Visiting in Her Royal Highness’ capacity as Colonel-in-Chief of the Royal Army Veterinary Corps, the Princess was received by the Commanding Officer, Lieutenant Colonel Kay Hanson and the Regimental Sergeant Major Craig Woodall.
During the visit the Princess Royal was briefed on the regiment's accomplishments, its future plans and its ongoing deployments and training.
Her Royal Highness met soldiers and their families and presented Long Service and Good Conduct medals to four soldiers: Staff Sergeant Craig Bambro, Lance Corporal Ceri Jones, Captain David Sables and Sergeant Andrew Miles. The medal is awarded to soldiers who have served for 15 years with an exemplary service record.
There to watch Sergeant Miles receive his medal was his wife Jenna who also serves in the Royal Veterinary Corps. He said: “It was a true honour and privilege to receive the honour from Her Royal Highness. Not many people have the opportunity to have a member of the Royal family present you with an award.
The Military Working Dog Regiment is a hybrid unit of around 350 personnel. It provides the only deployable military working dog and veterinary capability within the whole of the British Army.
Based in North Luffenham, Rutland, the dogs and their handlers deliver vital detect and protect capabilities for troops on the ground.
The Regiment’s Reserve Squadron, 101 Military Working Dog Squadron, was introduced in 2015. Reservists joining the Squadron are trained as Protection Military Work Dog Handlers who look after the security and safety of military assets and bases.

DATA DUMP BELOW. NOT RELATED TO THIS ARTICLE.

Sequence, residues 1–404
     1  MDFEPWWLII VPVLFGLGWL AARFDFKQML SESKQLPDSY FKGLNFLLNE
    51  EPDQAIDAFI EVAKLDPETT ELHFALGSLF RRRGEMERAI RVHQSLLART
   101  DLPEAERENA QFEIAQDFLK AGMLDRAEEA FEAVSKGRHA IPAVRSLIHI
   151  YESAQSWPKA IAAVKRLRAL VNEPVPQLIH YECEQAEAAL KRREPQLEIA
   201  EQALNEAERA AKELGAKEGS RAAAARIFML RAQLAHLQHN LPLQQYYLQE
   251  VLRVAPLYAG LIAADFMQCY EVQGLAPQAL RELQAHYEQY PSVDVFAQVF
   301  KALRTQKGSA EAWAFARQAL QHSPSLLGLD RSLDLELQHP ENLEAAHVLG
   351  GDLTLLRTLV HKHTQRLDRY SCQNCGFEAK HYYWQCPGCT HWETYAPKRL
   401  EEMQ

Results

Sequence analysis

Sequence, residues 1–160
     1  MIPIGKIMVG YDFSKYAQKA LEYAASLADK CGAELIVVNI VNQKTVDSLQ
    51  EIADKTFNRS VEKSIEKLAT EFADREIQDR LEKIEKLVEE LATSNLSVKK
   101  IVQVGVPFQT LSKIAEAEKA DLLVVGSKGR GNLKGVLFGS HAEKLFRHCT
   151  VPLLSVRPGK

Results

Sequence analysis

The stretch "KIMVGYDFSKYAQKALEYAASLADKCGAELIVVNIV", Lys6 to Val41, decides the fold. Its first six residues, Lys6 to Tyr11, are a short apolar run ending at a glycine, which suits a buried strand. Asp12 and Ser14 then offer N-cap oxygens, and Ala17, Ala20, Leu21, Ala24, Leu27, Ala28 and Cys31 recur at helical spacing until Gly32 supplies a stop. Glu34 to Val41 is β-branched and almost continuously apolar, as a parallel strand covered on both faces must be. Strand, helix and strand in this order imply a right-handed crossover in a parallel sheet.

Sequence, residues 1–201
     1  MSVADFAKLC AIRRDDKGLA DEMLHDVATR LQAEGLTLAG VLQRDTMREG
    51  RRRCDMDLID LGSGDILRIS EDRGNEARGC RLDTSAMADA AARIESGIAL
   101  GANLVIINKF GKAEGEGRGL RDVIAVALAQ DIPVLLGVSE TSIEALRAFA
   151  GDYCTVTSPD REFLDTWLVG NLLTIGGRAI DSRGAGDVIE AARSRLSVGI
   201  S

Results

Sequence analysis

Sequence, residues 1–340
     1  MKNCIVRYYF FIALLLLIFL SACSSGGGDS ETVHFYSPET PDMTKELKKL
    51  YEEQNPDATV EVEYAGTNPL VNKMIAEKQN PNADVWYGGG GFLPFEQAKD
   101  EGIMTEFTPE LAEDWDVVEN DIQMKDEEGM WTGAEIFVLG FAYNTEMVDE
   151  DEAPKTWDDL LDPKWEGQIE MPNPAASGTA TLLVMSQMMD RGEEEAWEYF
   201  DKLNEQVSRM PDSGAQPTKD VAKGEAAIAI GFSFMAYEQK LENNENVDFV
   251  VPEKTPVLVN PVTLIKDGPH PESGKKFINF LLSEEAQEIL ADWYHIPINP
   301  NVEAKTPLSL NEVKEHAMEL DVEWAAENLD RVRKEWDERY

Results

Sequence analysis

Lance Corporal Linsey Furness (42) is one such reservist. A self-employed hairdresser, she joined the Regiment at the age of 38 because she needed a challenge. Speaking about the royal visit she said: “It’s been an honour and a privilege to meet Her Royal Highness.”
The Princess Royal’s final task prior to departure was to cut the Regimental birthday cake. Her Royal Highness was then presented a bouquet of flowers by the Commanding Officer’s children George and Jack and Gracie, the daughter of Major Emma Jude who commands 105 Military Work Dog Squadron.
Commanding Officer Lieutenant Colonel Kay Hanson said: "A visit by our Colonel in Chief is always very special and I am sure the memory will stay with us all for a long time. The Princess Royal took a great interest in all we had to say, and it gave her the opportunity to hear first-hand from our soldiers about their role supporting exercises and operations around the world as well as the everyday life back here in Rutland.”